Safety and security in Antigua and Barbuda

Antigua and Barbuda

What are the health risks in Antigua and Barbuda? Is it safe and where are the places with the highest crime rates?

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Make sure you take out good quality travel insurance before you go and definitely don't rely on the European Health Insurance Card or even a credit card policy.

Antigua and Barbuda does not offer significant health risks. The entire Caribbean is a hotspot for dengue fever, for which there is as yet no effective antidote, so the consistent use of repellents and mosquito nets (provided in hotels) is recommended. However, large outbreaks of dengue fever do not occur very often in Antigua, so this risk is not a major concern for holiday planning.

The health risk is the high intensity of sunlight, especially for tourists from Europe or Canada who are not used to it. Consistently use sunscreen if you are prone to sunburn.

Compulsory vaccinations

Antigua and Barbuda requires a mandatory yellow fever vaccination if you are travelling from countries where the disease is present. This applies, for example, when travelling from most countries in South America.

No special vaccination is otherwise required for Antigua.

Risks of swimming in the sea

Swimming in the waters around Antigua and Barbuda is very safe. Due to the enclosed bays, there are usually no large waves. The exception to this may be between August and November, when the sea swells more due to tropical storms and hurricanes.

There are no particularly dangerous creatures in the local seas. For example, a shark attack on a human in the waters of Antigua and Barbuda has never been recorded.

Is the tap water drinkable?

We recommend using tap water only for brushing your teeth or boiling it to pour over coffee or tea.

We recommend buying a 5 litre barrel of drinking water at 20 xcd from any grocery store.

Dangerous animals

Although the jungles of southwest Antigua or the dense vegetation along the coast in the north may evoke the feeling of lots of dangerous creatures, the opposite is true. There are no life-threatening animals in Antigua.

You may come across a scorpion or some species of spider that may bite, but contact with them is not dangerous to humans.

Of the snakes, only the extremely rare endemic species Antiguan racer lives here, but it is harmless and not poisonous.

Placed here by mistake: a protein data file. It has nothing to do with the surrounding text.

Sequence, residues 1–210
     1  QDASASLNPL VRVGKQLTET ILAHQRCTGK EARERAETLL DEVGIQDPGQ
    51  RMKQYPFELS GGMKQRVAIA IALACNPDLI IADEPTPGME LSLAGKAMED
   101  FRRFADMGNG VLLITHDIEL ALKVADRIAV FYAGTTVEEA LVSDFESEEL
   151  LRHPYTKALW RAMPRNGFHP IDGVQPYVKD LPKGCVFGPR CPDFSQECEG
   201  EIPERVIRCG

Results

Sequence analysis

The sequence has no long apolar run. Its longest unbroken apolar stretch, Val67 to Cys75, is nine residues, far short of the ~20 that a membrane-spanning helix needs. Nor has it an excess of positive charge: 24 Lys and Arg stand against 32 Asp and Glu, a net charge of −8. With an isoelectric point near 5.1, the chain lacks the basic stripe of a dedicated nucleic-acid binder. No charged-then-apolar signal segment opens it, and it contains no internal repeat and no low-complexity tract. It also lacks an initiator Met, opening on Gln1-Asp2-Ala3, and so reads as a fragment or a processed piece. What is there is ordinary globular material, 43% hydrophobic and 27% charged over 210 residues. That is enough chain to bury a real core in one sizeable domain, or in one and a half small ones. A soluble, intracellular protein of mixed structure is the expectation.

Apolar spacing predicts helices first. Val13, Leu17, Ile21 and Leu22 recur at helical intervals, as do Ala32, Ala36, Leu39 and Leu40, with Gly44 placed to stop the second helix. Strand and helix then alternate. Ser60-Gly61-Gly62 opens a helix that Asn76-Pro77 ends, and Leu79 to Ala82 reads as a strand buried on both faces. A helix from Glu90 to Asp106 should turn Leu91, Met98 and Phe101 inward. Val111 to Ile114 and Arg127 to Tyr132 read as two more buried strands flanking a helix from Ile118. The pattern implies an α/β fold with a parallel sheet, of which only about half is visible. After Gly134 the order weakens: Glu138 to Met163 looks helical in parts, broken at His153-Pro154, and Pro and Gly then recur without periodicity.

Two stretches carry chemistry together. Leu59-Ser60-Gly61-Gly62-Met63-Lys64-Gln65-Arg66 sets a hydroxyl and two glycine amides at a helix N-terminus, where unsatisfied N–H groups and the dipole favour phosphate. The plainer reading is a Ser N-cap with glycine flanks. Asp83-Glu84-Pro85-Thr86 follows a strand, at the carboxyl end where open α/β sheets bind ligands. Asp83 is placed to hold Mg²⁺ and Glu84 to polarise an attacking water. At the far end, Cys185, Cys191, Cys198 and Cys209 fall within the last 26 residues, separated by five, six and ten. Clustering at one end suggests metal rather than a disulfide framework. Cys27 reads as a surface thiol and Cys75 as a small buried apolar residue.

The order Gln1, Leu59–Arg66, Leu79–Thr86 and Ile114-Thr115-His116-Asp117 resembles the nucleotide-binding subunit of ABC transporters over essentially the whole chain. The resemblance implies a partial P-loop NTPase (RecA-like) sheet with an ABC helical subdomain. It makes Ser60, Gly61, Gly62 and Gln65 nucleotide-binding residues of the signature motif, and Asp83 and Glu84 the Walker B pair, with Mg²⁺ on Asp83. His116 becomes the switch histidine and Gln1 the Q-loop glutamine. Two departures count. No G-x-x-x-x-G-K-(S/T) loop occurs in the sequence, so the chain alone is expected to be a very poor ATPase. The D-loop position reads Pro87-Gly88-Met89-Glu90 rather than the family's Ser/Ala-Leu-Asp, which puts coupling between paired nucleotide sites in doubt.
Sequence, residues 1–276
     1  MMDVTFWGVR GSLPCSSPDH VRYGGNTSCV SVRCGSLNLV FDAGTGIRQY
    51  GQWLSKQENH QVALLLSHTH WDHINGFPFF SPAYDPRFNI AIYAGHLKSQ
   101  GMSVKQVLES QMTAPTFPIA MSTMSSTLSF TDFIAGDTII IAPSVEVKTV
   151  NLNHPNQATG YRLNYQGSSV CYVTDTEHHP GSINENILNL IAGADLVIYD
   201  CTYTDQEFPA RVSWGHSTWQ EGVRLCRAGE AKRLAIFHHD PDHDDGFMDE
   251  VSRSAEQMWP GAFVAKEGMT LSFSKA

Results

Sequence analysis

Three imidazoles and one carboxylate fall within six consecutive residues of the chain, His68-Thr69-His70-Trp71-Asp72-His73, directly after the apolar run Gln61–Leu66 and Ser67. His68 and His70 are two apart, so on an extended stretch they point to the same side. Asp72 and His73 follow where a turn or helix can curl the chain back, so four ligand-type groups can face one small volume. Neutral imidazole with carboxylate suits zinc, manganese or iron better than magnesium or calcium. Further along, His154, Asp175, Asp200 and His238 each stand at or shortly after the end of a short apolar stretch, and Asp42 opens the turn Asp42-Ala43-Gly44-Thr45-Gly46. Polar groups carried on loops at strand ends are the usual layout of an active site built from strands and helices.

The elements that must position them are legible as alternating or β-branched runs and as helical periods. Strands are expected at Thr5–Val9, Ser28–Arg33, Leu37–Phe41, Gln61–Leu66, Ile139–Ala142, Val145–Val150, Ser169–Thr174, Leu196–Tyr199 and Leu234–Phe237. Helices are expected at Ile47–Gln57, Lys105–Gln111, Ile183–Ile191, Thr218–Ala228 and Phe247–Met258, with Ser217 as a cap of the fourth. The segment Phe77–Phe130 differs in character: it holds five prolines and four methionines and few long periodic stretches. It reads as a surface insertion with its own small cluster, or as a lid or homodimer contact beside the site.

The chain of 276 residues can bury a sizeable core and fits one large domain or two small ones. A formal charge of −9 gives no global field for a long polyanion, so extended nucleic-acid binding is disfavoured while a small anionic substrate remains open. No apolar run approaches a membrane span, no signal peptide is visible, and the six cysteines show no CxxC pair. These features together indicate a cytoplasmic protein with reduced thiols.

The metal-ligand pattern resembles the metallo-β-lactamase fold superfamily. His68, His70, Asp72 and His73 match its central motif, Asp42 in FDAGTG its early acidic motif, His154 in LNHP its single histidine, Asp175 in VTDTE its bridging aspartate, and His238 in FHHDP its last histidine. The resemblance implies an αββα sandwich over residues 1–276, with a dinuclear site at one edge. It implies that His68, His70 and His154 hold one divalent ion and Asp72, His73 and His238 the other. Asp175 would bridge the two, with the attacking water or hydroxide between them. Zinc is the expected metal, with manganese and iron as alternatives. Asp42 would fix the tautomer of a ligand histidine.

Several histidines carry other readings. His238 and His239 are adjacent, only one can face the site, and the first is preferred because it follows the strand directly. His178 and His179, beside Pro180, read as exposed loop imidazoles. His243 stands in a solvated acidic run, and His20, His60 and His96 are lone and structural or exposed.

Stray dogs are occasionally found in the countryside and towns, but in most cases they do not notice strangers. Rabies does not occur on the islands.


Antigua and Barbuda is a safe country. When it comes to serious crime such as murder, rape, kidnapping and robbery, Antigua and Barbuda is one of the safest countries in the world. These crimes are absolutely rare here and when they do occur, they are usually within households or between tourists and each other.

So, as in any other country in the world, you need to watch out for pickpocketing, especially in the markets of St. John's.

There are no places on the islands where tourists are not advised to enter because of the danger.

The general crime rate is the lowest of any country in the Caribbean.

Disaster risk

There is a risk of hurricanes and tropical storms, which can seriously affect island life for several days or, in exceptional cases, for many weeks.

Hurricanes occur on average once a year. In some years there are 3, but there are long periods when no hurricanes arrive in Antigua at all.

The hurricane season runs from August to the end of October.

Earthquakes and other major natural disasters are rare and not dangerous.

Important contacts

The international telephone code for Antigua and Barbuda is +1-268.

In an emergency, call these numbers (no need to dial the national area code):

  • 911 - Police
  • 999 - universal emergency number (police + ambulance + fire brigade)

There are minimal foreign diplomatic missions in Antigua and Barbuda. There are only a few embassies in Antigua and Barbuda, including the UK, China, the Dominican Republic, Venezuela and Cuba.

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